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Hicks v. United States - 368 F.2d 626 (4th Cir. 1966)

Rule:

When a defendant's negligent action or inaction has effectively terminated a person's chance of survival, it does not lie in the defendant's mouth to raise conjectures as to the measure of the chances that he has put beyond the possibility of realization. If there was any substantial possibility of survival and the defendant has destroyed it, he is answerable. The law does not require the plaintiff to show to a certainty that the patient would have lived had she not been negligently treated. 

Facts:

After a 10-minute examination, the doctor diagnosed the decedent with gastroenteritis and sent her home. She died later the same day of a high obstruction, which had produced symptoms that were consistent with gastroenteritis.  She was 25 years old. Plaintiff, who was the administrator of the decedent's estate, filed suit under the Federal Tort Claims Act (FTCA) for medical malpractice, alleging that the death was due to the negligence of the doctor on duty at the dispensary of the United States Naval Amphibious Base in diagnosing and treating her illness. The administrator contended that the doctor did not meet the requisite standard of care and skill demanded of him by the law of Virginia. The District Court, concluding that the evidence was insufficient to establish that the doctor was negligent, or that his concededly erroneous diagnosis and treatment was the proximate cause of her death, dismissed the complaint. The administrator appealed.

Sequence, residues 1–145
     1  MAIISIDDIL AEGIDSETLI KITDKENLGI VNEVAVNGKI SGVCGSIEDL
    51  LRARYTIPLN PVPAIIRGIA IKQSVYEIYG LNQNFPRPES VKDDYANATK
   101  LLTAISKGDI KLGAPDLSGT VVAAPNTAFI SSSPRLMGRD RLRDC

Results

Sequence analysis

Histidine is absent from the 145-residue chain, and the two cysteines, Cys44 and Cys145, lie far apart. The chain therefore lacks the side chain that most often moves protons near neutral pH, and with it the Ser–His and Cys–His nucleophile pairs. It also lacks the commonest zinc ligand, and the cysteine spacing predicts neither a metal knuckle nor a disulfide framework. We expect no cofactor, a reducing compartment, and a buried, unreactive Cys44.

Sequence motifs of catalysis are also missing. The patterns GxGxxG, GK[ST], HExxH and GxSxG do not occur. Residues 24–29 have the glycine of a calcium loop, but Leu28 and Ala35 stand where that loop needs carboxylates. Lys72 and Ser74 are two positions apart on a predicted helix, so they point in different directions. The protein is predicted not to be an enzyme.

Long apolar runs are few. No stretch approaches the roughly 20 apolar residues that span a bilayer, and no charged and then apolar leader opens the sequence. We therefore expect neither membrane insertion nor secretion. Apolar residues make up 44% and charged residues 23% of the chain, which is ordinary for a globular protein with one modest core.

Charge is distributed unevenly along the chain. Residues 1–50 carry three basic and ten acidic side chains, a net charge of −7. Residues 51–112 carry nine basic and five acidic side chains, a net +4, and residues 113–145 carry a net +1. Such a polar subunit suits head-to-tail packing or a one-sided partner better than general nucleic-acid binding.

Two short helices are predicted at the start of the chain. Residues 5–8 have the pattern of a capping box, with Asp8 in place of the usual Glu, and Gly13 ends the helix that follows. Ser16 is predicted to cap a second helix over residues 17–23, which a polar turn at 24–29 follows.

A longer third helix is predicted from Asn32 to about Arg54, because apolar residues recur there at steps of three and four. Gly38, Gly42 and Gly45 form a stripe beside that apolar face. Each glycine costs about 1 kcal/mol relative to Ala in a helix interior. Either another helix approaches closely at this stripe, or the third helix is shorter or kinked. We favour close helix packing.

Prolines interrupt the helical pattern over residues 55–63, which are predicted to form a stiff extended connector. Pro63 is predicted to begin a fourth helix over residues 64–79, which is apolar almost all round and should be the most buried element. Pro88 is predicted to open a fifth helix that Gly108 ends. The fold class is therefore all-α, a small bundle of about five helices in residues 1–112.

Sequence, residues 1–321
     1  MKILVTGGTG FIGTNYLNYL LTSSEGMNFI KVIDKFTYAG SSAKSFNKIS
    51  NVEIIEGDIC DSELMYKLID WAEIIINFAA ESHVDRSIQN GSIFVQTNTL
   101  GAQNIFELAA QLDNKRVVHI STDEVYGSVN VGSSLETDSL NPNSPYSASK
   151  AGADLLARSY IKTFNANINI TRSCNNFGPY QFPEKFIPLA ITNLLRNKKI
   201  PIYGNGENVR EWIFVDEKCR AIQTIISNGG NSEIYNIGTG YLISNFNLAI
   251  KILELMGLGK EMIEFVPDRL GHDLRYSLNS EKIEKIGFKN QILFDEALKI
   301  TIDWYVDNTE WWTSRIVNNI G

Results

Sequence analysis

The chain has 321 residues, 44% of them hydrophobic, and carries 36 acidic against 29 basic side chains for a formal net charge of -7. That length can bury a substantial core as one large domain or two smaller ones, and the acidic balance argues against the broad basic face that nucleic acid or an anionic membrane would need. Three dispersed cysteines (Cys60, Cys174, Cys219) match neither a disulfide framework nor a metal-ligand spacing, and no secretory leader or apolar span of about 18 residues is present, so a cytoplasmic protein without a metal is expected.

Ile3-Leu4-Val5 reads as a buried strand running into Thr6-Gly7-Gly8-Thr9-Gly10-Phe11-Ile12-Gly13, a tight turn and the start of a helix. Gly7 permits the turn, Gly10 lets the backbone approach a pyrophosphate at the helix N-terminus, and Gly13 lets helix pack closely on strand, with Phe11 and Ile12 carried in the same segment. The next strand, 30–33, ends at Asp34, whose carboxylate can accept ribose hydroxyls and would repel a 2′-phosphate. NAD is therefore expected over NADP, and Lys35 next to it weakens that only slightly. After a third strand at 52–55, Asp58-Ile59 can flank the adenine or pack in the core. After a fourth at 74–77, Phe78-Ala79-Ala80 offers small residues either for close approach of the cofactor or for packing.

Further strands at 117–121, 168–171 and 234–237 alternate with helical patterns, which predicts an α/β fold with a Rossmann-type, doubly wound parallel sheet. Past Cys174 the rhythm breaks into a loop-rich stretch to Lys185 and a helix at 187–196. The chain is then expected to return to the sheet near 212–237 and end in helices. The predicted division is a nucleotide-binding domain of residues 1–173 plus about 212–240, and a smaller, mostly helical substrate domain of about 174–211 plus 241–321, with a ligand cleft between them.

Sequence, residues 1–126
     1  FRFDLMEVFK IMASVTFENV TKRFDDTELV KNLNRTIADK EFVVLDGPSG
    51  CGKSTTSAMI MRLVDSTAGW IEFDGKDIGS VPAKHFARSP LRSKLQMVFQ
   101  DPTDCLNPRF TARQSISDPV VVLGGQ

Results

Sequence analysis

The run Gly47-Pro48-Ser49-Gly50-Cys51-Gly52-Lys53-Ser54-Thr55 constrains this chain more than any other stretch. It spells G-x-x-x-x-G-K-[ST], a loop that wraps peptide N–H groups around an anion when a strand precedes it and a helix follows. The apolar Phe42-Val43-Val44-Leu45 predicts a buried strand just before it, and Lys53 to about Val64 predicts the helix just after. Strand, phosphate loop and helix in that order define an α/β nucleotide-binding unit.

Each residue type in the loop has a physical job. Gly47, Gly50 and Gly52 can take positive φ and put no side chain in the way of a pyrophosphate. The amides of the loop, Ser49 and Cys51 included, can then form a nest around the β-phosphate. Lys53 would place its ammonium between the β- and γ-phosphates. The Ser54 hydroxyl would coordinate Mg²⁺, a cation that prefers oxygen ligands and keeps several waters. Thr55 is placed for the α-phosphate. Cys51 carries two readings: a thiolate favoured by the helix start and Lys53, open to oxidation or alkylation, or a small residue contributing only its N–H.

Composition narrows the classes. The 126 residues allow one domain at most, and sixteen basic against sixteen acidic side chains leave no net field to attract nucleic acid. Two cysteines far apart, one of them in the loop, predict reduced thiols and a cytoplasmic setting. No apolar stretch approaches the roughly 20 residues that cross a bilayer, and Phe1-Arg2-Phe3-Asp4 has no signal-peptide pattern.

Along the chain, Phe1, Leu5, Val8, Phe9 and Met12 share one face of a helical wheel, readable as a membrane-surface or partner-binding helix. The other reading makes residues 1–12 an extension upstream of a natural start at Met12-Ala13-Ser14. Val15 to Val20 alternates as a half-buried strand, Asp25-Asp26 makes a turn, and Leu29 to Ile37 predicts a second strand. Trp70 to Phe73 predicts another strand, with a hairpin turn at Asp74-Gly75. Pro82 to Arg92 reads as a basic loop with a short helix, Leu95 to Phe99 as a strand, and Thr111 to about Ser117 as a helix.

Issue:

In a medical malpractice action under the Federal Tort Claims Act, did the trial court err in dismissing the complaint, which alleged that the dispensary physician's failure to meet the requisite standard of care?

Answer:

Yes

Conclusion:

The United States Court of Appeals reversed the district court's dismissal of the plaintiff administrator's complaint against the dispensary doctor under the FTCA and remanded the negligence action for a determination of damages. The Court held that the doctor breached the standard of care by failing to conduct more than a cursory examination of the decedent in light of symptoms of a lethal condition. On careful scrutiny, the government's expert demonstrated that the doctor did not conform to the required standard of care. Coupled with the explicit testimony of the plaintiff's experts, the government's testimony lead the Court inevitably to the conclusion that the doctor was negligent as a matter of law.

The Court also held that the doctor was not shielded from liability for his misdiagnosis because he did not establish a firm basis to support it. The district court's contrary ruling was not owed deference under Fed. R. Civ. P. 52(a) because it was based on undisputed facts. In addition, uncontradicted testimony showed that the decedent would have survived if surgery had been promptly performed. Thus, doctor's negligence nullified whatever chance of recovery the decedent had and was the proximate cause of her death.

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